AF: José Martí, who was one of the main leaders of the independence movement, really thought that it could serve as a sort of lesson and model for the world. One of the things that the Cuban rebels did was to abolish slavery. The rebel movement also created what they called a liberation army that was profoundly multiracial, a novel sort of fighting force. It wasn’t just white leaders mobilising black soldiers — those black soldiers were rising through the ranks and becoming generals and lieutenants and captains. The movement championed a language and the idea of racial equality.
Martì was in the US at a moment when American imperial ambitions were as important as they had ever been and racism was hardening. He saw the Cuban independence movement as a check on US expansion.
CFM: But race eventually becomes a blind spot. Was the problem too intractable?
AF: The idea championed by Martí and by the independence movement was that Cuba could somehow not only defeat racism, but could transcend race — that the Cuban republic would be not a black republic or a white republic, it would be Cuban. It’s an argument with enormous power. But what that has meant for black Cubans is that it’s been very, very difficult to tackle the question of racism. So when black Cubans said they were not getting the jobs, that they were being discriminated against, white leaders would say they were being racist and divisive.
Shortly after Castro came to power, he maintained that question of discrimination had been solved by the revolution; it’s over, he said. And at that point it became impossible, or at least very difficult, to talk about race without calling him a liar. [The government] invited black intellectuals from the US and the Caribbean to talk about racism in the US. But then when black Cuban intellectuals tried to meet them and talk to them about racism in Cuba, that was frowned upon.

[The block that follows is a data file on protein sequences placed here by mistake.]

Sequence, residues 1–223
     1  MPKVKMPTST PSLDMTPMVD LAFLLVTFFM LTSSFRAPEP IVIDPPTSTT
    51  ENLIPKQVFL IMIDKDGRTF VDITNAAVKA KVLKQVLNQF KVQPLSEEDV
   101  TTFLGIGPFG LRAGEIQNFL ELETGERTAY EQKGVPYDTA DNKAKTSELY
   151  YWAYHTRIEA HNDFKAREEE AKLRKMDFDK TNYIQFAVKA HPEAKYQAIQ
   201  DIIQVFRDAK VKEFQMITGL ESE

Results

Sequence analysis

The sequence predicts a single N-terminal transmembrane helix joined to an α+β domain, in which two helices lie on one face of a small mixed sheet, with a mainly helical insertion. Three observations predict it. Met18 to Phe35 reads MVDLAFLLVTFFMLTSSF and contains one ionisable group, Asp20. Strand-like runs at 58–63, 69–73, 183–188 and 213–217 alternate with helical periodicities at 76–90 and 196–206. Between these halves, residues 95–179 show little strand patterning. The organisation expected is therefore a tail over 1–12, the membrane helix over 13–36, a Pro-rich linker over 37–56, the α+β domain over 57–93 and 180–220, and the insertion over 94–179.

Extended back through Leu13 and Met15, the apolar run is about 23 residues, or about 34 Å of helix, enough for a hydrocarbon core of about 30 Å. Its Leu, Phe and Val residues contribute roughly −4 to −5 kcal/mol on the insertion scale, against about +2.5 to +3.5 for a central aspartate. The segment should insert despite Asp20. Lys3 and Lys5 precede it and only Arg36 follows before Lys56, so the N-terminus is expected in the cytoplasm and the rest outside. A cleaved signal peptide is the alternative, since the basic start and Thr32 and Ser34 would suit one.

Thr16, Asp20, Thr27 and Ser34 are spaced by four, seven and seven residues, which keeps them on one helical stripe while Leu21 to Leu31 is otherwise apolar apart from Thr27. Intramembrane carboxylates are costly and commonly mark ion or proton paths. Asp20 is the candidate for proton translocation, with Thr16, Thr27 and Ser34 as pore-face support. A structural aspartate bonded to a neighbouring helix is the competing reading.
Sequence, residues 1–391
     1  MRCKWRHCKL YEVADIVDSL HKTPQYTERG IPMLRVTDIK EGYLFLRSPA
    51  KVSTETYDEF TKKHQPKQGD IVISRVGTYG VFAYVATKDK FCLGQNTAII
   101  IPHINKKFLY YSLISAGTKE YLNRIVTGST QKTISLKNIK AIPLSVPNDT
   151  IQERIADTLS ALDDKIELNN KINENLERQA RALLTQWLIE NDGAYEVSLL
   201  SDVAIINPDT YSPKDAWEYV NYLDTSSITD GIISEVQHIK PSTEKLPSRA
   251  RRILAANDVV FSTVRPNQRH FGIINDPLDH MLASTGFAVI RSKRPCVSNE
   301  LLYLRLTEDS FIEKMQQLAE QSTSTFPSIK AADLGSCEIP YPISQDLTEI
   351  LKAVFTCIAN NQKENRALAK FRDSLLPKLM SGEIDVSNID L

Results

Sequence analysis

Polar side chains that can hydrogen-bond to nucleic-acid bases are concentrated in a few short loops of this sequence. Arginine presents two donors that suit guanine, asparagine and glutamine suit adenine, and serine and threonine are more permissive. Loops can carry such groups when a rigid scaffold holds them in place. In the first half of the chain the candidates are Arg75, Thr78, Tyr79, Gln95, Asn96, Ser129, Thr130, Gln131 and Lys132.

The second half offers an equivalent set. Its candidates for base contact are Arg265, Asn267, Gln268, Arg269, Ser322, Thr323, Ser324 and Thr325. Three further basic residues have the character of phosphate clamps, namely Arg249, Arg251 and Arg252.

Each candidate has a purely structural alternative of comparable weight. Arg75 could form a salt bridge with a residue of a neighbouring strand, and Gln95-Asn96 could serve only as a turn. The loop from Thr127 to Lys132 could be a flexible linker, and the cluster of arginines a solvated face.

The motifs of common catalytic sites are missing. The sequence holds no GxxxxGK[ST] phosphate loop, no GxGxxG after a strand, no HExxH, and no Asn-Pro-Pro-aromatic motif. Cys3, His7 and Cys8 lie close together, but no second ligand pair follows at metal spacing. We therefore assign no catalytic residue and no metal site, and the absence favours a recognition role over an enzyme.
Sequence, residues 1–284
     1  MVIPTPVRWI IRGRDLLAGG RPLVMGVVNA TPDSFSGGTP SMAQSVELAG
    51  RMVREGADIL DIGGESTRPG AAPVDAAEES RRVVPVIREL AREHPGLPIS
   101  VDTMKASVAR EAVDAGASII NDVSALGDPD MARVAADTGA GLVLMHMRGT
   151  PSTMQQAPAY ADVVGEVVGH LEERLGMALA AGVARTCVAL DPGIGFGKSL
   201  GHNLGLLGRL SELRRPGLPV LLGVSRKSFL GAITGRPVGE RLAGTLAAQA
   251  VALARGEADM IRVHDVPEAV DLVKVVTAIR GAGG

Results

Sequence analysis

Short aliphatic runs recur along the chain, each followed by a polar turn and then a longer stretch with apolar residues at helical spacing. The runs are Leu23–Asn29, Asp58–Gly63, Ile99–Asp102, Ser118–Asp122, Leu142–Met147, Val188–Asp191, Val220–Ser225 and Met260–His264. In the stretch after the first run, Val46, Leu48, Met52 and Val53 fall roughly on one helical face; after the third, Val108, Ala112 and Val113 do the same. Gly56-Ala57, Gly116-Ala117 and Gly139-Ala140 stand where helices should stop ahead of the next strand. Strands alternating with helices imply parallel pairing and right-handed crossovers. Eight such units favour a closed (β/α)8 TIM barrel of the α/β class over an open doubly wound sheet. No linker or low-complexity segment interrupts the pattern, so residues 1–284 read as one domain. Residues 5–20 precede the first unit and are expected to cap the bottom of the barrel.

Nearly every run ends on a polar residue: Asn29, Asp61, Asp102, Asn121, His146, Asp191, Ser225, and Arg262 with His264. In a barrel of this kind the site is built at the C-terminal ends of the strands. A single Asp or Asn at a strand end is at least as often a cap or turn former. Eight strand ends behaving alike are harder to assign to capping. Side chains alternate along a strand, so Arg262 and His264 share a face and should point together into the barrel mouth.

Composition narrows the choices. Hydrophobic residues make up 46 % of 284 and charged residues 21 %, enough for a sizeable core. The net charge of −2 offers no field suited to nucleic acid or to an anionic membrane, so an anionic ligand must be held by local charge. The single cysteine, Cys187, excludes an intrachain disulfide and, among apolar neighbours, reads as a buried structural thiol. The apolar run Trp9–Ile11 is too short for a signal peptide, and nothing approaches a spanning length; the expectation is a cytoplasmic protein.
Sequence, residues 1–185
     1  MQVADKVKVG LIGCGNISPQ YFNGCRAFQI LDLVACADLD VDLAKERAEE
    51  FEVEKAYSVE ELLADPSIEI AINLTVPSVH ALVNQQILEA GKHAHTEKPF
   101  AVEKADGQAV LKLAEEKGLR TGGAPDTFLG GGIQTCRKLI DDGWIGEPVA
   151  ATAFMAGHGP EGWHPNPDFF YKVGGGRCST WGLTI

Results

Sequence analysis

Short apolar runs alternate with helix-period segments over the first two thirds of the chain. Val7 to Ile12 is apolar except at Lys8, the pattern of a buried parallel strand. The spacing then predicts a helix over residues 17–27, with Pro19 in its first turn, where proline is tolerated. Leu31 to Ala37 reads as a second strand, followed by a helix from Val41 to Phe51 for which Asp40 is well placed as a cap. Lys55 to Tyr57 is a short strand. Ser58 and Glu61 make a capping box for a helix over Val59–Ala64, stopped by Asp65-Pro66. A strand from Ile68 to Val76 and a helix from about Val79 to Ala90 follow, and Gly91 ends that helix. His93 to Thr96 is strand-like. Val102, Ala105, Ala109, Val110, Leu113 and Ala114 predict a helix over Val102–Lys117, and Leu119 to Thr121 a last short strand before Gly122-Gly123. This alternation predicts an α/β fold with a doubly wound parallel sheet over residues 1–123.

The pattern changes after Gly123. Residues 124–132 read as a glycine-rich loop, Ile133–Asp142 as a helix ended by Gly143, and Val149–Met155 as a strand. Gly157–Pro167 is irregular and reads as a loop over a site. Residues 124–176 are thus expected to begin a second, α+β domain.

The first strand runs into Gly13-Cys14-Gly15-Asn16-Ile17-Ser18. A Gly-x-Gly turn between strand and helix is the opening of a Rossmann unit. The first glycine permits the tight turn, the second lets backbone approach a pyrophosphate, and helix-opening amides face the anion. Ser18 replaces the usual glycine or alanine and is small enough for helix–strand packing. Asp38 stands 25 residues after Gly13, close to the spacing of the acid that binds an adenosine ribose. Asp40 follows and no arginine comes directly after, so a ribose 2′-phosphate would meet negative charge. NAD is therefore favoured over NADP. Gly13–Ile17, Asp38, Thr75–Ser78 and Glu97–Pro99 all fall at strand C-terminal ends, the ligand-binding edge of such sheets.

CFM: Your account makes clear how little of the revolution and of what happened after the 1950s was predetermined, including the leadership role Castro eventually took and his turn towards communism, especially after the Bay of Pigs debacle. Could it have been different?
AF: When the revolution came to power in 1959, Fidel Castro insisted that he wasn’t communist. And he said it over and over again. He stuck with this, insisting that the only “-ism” that could be attached to the revolution was humanism. Though, of course, there’s the argument that he wouldn’t have gained power by admitting he was communist.
CFM: He was popular with the bourgeoisie.
AF: Absolutely. There was a survey done in February 1959 by a mainstream publication in which over 92% of respondents said the government was doing everything quote “perfectly well”. Middle-class people made donations to the first agrarian reform, which began giving land to peasants.